Power Boaters have all seen diagrams like this one with instructions to tie the bow line first when docking. Just look at the internet.
Safety Associations, Boating Associations, Magazines, Instructors are all touting, this as the way to dock all recreational power boats.
To me, this only makes sense for bowriders and houseboats; but, for all other power boats, it does NOT make any sense at all. In fact, on most power boats, it can even be dangerous for the First Mate, being relegated to the forward deck to tie the bow line first.
I can only think of a few cases, where I would tie the bow line first. For example, if you have a motor yacht or trawler with a flat forward deck, high rails and a fully enclosed aft deck preventing you from getting to the stern cleats, that is approaching a wharf, gas dock or restaurant dock with high pilings (not floating docks), then tying a bow line is an option.
Another case would be where the boat is “rectangular” like a houseboat or a pontoon boat; then, you would use a bow line first, because you have a flat deck, high rails and you can see your First Mate.
If you have a pontoon boat that is equipped with only a forward gate and not an aft gate, then you would tie the bow line first.
Tie The Bow Line First - No
On all other power boats it does NOT make sense to tie the bow line first considering:
- Access to the forward deck is either narrow, awkward or non-existent.
- The forward deck is sloped and slippery. Catching a cleat between her toes while sliding on a slippery deck eliminates your First Mate immediately as a helper in the docking process.
- The bow rails are low and offer little protection. When your First Mate falls over, your docking suddenly becomes a rescue—not a good combination.
- The forward deck cleat is 5 feet or more away from the dock to throw this bow line. The forward deck is 3’ or more above the height of the floating dock. ------
(To boomerang the bow line out, down, then around the dock cleat, and back 5 foot plus and up 3 foot plus to her hand as required in other instructions, would be a neat trick.)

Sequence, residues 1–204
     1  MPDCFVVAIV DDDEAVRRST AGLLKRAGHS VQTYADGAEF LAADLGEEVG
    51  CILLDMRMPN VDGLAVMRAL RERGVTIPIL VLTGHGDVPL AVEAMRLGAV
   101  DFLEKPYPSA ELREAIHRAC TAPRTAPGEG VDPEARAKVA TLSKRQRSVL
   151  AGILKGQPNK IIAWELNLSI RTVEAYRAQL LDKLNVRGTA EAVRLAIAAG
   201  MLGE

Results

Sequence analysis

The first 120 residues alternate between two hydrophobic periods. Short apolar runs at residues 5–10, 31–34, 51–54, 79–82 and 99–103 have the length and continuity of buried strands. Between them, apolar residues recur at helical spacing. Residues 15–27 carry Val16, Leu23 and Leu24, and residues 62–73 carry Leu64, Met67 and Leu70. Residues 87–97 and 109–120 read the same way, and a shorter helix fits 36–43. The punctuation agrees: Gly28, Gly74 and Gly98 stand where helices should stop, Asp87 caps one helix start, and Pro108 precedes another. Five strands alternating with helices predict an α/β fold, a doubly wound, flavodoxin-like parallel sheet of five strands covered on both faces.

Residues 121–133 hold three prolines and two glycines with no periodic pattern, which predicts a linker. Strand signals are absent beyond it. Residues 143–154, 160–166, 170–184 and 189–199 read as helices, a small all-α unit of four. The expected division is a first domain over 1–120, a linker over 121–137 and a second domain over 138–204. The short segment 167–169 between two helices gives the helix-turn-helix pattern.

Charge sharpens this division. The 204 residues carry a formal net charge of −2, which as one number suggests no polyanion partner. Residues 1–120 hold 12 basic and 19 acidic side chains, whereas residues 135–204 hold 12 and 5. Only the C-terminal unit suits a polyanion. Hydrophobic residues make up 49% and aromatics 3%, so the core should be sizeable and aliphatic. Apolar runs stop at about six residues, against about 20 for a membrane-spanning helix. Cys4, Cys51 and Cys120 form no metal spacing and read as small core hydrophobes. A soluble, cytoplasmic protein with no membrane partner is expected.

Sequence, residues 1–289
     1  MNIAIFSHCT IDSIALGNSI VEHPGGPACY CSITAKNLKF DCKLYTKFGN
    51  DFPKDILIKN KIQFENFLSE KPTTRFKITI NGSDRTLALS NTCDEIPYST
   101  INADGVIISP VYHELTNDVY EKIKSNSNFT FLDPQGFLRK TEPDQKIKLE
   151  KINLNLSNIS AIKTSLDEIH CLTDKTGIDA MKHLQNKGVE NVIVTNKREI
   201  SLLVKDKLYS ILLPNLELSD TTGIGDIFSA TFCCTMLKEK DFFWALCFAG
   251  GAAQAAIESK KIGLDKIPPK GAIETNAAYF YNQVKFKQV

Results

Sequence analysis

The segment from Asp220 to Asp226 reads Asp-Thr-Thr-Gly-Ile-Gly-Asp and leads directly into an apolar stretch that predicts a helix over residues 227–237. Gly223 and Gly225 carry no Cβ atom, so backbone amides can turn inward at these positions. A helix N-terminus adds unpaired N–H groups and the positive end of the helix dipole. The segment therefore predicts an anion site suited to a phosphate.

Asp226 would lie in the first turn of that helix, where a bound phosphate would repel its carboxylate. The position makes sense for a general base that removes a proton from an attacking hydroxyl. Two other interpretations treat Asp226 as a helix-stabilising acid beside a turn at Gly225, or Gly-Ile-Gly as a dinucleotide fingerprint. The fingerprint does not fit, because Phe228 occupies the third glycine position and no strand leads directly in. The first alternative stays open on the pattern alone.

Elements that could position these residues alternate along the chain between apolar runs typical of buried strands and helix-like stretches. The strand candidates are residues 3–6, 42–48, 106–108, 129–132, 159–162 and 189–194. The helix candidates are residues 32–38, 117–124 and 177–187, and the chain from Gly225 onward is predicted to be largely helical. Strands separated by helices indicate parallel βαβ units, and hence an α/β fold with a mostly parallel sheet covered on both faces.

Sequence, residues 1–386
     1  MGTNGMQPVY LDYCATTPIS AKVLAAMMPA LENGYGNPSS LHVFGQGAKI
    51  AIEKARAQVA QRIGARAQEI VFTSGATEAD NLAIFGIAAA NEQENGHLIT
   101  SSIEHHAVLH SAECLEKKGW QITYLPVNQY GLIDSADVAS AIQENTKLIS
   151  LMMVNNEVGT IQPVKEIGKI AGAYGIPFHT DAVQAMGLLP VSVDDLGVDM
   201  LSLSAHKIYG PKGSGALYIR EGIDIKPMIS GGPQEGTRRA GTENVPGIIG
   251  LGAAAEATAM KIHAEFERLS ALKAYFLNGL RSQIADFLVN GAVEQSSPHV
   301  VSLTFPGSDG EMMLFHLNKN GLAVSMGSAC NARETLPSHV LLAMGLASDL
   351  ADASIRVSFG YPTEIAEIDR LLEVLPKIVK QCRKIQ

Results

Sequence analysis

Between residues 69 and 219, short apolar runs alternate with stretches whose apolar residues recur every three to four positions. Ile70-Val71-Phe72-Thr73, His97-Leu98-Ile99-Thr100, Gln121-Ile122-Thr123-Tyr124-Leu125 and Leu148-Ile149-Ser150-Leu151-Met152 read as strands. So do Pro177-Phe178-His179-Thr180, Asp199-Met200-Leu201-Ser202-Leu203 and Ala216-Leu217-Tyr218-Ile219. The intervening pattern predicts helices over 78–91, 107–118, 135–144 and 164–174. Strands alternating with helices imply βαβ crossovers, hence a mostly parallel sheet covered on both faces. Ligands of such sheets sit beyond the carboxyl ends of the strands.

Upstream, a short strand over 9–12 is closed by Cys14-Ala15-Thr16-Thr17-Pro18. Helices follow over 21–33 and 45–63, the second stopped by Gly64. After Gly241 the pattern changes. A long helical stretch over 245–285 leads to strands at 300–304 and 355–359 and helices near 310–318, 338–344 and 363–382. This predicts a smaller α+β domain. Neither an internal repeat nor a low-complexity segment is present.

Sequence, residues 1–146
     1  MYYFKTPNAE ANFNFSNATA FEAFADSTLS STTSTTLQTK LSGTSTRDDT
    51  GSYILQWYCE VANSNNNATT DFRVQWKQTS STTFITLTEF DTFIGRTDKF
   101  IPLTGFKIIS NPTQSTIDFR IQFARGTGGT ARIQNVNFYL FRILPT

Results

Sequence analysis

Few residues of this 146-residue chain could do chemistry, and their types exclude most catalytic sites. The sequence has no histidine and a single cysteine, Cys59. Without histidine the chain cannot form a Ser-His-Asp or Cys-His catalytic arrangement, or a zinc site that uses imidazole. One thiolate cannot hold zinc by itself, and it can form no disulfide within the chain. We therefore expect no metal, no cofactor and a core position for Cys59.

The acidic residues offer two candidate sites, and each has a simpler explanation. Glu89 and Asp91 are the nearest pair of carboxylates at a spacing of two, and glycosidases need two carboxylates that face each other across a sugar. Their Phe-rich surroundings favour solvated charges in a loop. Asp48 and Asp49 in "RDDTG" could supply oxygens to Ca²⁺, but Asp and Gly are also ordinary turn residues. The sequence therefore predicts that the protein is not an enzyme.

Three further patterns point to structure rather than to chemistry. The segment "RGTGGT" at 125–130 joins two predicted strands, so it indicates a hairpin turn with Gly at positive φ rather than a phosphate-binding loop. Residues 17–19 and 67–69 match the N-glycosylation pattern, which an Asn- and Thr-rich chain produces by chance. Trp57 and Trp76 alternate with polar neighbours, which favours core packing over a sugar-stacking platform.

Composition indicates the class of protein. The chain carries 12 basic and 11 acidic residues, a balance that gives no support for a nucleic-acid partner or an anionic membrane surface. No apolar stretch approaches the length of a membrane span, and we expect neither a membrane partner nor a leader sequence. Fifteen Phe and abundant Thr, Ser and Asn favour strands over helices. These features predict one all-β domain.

- The physical barrier of the windshield and top leads to yelling and swearing.
- The bow is not the control end of any power boat. It’s the windsock end.
If she misses the cleat, you cannot power the bow back to the dock.
- Dock helpers are not always available or dependable.
- Jumping off the bow to the dock with the line in her hand or teeth is not an option.
Injury is almost a certainty.
- If the First Mate was able to conquer all of the above eight challenges, the bow line would be tied too short to swing the stern into the dock, because of the curve of the bow.
- Fast access from the forward deck for her to tie the stern line—there is none on most boats.
Recently in a conversation with a boater, after discussing all of these points, he concluded that, the only reason it makes sense to tie your bow line first, is to get rid of your First Mate—either by injury, falling overboard or mutiny.
He confessed that he had recently fallen overboard, when trying to tie the bow line, while his wife was at the helm. “The foredeck is not a good place to be” he concluded.
Another boater relayed his mishap of losing his balance on the forward deck and backing up into the open forward deck hatch. He tore the hide off his leg, hip and ribs. I heard these two stories over just one weekend.
Docking should and can be an easy and safe procedure
—especially for your First Mate.
Tell Me Why
So Captains, tell me why it makes sense, to dispatch First Mates forward to tie the bow lines first on power boats.
Please send me your reasons, why you think it is better to tie your bow line first, and also tell me that you have actually gone forward yourself to tie the bow line first, while allowing your First Mate to take the safe position at the helm.
There is a Better Way
SAVE A FIRST MATE TODAY!
If you see or have seen a First Mate
struggling on the forward deck in your harbour/marina,
send this article to her.